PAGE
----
HOST INTRO: Earlier this winter, State Assemblywoman Amy Paulin introduced a bill to make New York the 6th state to legalize physician assisted death, or allowing patients to access to lethal medication. The bill, already contentious, has a major obstacle in its way – religious communities who see it as tampering with God’s will. Catholics, who have spearheaded the bill’s opposition, argue that access to lethal medication promotes suicide. Advocates of the bill say it will allow patients to hasten an otherwise painful death. Lindsey Kortyka has more.
KORTYKA 1: Susan Rahn is 46- she lives in Rochester.. She used to be a recruiter for a technology company – now, she works with the terminally ill. That’s because a few years ago she was diagnosed with stage 4 breast cancer,.
RAHN 1: At that stage, once the cancer has gone into a vital organ, the bones, liver, lungs or brain, there is no cure.
KORTYKA 2: Rahn says she doesn’t want to die a painful drawn out death. — That patients like her should get more options at the end of their lives. That’s why she supports the new bill. But, there’s a problem: her church opposes it.
RAHN 2: I really don’t think that this is something that the Catholic church needs to take a hard stance on because there are so many other religious leaders that understand that it’s about compassion and treating other people as autonomous and letting them make their own decisions about their own bodies.
KORTYKA 3: At St. Catherine of Siena Priory on the upper east side, Catholics gather – to plan to fight the bill that Rahn supports. The crowd eats pastries off of paper plates, and drinks coffee out of styrofoam cups. MaryAnn Reno is a nurse from Long Island. She’s worked in hospice for years.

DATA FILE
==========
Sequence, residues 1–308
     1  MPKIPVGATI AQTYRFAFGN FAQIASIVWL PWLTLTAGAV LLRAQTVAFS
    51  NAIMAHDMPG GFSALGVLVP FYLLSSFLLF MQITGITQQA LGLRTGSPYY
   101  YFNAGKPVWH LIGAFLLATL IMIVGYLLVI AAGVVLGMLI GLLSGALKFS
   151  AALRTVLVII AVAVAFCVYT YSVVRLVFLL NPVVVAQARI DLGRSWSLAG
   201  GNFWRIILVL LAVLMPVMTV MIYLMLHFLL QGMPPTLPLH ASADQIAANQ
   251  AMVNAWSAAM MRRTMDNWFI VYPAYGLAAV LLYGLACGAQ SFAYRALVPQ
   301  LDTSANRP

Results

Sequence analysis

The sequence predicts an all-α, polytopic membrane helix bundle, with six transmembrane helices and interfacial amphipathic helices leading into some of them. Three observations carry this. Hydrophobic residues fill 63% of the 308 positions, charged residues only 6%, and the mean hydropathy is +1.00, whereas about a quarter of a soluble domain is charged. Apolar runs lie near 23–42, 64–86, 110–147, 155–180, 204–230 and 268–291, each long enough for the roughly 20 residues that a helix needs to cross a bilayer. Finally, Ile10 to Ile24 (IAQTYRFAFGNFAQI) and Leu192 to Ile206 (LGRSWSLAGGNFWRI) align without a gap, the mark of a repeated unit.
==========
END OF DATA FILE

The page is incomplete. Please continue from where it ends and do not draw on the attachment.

RENO 1: My heart breaks to think that this is even a thought. It’s murder!
KORTYKA 4: Reno says her husband had a brain tumor and died naturally. She says even though he suffered towards the end, it was a holy act. She believes patients should wait until God calls them, instead of choosing what she calls suicide. Many Catholics say they don’t want the sick to suffer. It’s OK to take someone off of life support. But, they are worried about unnecessarily speeding patient’s deaths. Ed Mechmann is a lawyer and the Director of Public Policy for the New York Catholic ArchDiocese.
MECHMANN 1:My son attempted to commit suicide a few years ago. So, I’m particularly sensitive to a culture that may affirm suicide as a good option. It is a terrible message to send that if at the end of life they are unable to do their normal functions that their life is no longer worth living.
KORTYKA 4: Mechmann recently filed a court brief against the bill on behalf of the New York State Catholic Conference.
KORTYKA 5: Amy Paulin,IS THE the bill’s sponsor. She says physician assisted death isn’t suicide — it’s no different from removing a person from life support. AND without that option, patients often refuse water and food, a slow and painful way to die.
PAULIN 1: I find it somewhat ironic that the choice of withdrawing life support, the choice of withdrawing food, the choice of withdrawing meds, the choice of withdrawing liquid, isn’t considered by the Catholic church identical to fast pacing someone’s death.
KORTYKA 4: And that’s what Susan Rahn, the advocate for the terminally ill, says she agrees with – despite Catholic teachings she was raised with.
RAHN 3: How I transition out of this earth isn’t going to affect anyone else other than myself and my immediate family. I have a 17 year old son I wish for him not to watch me go through that process.
KORTYKA 7: A vote in the spring will determine if that ultimately will be the case. Lindsey Kortyka, Columbia Radio News.